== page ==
Racial Disparities Among Pancreatic Adenocarcinoma Patients: A Retrospective Survival Analysis of Non-Metastatic Pancreatic Cancer Patients
Gartrelle KJ, Schaff EM, Kirsch C, Kwon D, Ajlouni M, Khan G, Shah R, Dobrosotskaya I, Parikh PJ, and Siddiqui F. Racial Disparities Among Pancreatic Adenocarcinoma Patients: A Retrospective Survival Analysis of Non-Metastatic Pancreatic Cancer Patients. International Journal of Radiation Oncology Biology Physics 2020; 108(3):e431.
International Journal of Radiation Oncology Biology Physics
Purpose/Objective(s): It is predicted that in 2020, approximately 57,600 individuals will be diagnosed with pancreatic cancer (PaC). Based on SEER database analysis, there are conflicting opinions in literature about the overall treatment and outcomes in African-American patients with PaC. The purpose of this study was to determine if there was a racial disparity in overall survival rates between African Americans (AAs) and non-African Americans (non-AAs) diagnosed with PaC who received neoadjuvant radiation therapy (RT) in a tertiary-care cancer center with an established multi-disciplinary PaC tumor board and clinic.
Materials/Methods: An IRB-approved retrospective chart analysis was completed on 100 patients who were diagnosed with pancreatic adenocarcinoma and treated with neoadjuvant RT between 2017-2019. Patients who were deemed resectable, borderline resectable (BR), or locally advanced/unresectable (LA) at initial diagnosis were included in the analysis. The following baseline characteristics were collected for each patient: staging, gender, age and ECOG score at initial diagnosis, tumor site and size, clinical T and N stage, CA19-9, and treatment variables (i.e., surgery, chemotherapy, and RT type). Overall survival was calculated from the RT start date. In order to identify any baseline differences among the AA group and the non-AA group, a two-sample t-test and Chi-square were employed. A log-rank test and Kaplan-Meier were used to determine any differences in overall survival among the two groups.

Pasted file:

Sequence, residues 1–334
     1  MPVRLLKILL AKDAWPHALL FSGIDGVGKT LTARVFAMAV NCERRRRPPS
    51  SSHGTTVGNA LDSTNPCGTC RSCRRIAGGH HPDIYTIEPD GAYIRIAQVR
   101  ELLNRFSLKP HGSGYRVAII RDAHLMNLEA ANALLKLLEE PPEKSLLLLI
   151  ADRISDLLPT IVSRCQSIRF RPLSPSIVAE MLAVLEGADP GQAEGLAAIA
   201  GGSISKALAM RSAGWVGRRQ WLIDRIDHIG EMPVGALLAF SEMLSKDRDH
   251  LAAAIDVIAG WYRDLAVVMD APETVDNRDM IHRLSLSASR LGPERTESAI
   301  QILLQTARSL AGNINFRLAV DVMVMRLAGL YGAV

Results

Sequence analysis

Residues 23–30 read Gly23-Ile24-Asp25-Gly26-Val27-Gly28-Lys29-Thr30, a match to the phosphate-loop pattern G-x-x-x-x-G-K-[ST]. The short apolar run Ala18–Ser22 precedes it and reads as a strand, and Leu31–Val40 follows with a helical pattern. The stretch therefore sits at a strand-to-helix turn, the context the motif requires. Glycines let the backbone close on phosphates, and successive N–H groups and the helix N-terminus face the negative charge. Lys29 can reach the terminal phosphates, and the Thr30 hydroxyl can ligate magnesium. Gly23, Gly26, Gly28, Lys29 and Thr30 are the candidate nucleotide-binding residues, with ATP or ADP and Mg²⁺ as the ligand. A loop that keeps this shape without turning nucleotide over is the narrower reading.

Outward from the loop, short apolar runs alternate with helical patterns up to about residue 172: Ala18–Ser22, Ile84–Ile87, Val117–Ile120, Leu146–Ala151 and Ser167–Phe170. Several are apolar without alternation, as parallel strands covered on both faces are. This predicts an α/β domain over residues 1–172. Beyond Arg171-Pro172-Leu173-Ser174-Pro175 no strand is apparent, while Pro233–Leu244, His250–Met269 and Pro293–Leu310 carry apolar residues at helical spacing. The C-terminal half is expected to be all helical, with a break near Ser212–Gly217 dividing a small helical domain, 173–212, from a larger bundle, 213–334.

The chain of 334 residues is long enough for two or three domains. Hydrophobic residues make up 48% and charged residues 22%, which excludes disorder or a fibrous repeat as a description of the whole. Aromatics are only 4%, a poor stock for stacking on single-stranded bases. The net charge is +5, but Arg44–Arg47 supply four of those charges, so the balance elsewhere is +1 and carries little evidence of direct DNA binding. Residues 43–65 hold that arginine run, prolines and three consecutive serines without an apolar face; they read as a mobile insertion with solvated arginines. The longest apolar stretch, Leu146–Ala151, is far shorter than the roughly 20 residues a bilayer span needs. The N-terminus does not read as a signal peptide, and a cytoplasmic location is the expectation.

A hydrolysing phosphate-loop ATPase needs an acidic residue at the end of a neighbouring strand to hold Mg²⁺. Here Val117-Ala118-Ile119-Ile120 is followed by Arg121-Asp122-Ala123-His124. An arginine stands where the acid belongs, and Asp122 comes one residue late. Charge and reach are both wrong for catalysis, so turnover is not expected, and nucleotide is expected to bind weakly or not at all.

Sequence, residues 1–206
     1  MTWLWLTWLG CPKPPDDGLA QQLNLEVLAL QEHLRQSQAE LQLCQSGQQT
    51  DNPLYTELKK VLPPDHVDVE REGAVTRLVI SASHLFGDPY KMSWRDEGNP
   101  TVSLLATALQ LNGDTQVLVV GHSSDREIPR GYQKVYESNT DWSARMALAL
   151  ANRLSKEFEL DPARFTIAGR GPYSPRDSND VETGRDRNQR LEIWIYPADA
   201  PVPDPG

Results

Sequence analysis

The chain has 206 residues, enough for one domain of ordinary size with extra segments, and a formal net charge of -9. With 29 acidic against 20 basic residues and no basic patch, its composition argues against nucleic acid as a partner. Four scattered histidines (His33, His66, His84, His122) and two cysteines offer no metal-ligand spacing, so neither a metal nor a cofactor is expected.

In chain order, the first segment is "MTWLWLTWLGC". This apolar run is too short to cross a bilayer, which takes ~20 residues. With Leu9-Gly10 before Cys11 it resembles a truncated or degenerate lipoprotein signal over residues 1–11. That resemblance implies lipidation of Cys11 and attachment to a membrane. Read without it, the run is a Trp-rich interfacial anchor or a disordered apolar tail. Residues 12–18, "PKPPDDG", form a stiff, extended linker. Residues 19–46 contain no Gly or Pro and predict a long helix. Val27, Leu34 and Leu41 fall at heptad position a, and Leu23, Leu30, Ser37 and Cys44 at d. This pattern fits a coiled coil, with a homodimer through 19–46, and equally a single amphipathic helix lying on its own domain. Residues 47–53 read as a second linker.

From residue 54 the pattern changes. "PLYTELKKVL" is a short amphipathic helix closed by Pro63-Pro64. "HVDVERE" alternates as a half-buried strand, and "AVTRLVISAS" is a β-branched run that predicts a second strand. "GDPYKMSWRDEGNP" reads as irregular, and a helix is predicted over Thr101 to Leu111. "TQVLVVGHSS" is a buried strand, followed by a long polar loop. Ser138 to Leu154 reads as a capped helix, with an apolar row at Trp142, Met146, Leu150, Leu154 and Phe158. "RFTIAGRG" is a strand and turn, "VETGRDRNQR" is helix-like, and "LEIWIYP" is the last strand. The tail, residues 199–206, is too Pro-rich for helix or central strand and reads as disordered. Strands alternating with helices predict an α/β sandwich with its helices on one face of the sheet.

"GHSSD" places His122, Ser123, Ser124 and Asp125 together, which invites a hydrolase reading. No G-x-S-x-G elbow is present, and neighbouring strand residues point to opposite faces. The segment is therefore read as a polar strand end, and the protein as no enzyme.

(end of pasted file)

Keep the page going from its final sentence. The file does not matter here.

Results: Of the 100 patients included in the analysis, 25 were AA and 58 were female. There were 17 (68%) BR and 8 (32%) LA patients in the AA group. In the non-AA group, there were 2 (3%) resectable, 47 (63%) BR, and 26 (35%) LA patients. There were no statistically significant differences detected in any of the baseline characteristics except a trend for increased CA19-9 values of 399.8 U/mL for AAs and 229 U/mL for non-AAs. There was no statistically significant difference in receipt of chemotherapy and RT between the two groups. The estimated median survival rates were 11.5 months for non-AAs and 8.4 months for AAs. One-year overall survival was 45% for AAs versus 48% for non-AAs (p = 0.57).
Conclusion: There was no difference in overall survival among AAs and non-AAs who received neoadjuvant RT+/- chemotherapy for PaC at our institution between 2017-2019. Contrary to previous publications based on large SEER database analysis, there does not appear to be any difference in overall survival based on race if patients receive treatment in a comprehensive multi-disciplinary collaborative center.